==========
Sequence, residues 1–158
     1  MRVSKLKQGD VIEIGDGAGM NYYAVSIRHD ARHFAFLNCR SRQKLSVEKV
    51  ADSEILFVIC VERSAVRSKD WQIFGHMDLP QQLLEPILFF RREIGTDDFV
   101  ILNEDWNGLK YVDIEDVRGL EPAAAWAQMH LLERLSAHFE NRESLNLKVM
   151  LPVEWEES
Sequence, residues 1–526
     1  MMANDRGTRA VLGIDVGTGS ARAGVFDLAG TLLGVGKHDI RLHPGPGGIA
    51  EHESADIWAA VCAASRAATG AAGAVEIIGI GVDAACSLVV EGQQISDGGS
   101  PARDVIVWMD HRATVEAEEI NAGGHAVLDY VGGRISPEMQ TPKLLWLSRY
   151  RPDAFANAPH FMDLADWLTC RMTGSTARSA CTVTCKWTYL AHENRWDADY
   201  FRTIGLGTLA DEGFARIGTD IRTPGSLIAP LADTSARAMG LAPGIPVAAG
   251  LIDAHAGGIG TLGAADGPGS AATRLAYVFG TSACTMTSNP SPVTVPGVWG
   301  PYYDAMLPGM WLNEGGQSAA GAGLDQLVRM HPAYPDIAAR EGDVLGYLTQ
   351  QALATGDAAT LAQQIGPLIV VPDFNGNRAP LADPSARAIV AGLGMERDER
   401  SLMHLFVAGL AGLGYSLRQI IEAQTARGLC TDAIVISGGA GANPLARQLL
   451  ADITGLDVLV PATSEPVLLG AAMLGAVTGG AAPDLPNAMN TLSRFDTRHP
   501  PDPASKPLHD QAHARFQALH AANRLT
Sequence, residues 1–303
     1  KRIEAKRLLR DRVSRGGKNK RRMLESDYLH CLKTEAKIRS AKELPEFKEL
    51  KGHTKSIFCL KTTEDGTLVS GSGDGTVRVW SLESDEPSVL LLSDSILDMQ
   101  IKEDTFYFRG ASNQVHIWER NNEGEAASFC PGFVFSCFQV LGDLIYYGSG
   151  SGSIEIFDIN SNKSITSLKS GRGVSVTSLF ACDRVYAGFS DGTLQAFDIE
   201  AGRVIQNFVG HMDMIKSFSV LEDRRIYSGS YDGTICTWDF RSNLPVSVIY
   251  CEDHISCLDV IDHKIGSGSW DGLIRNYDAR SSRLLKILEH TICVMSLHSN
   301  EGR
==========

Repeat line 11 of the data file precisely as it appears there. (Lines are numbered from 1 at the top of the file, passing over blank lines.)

   201  FRTIGLGTLA DEGFARIGTD IRTPGSLIAP LADTSARAMG LAPGIPVAAG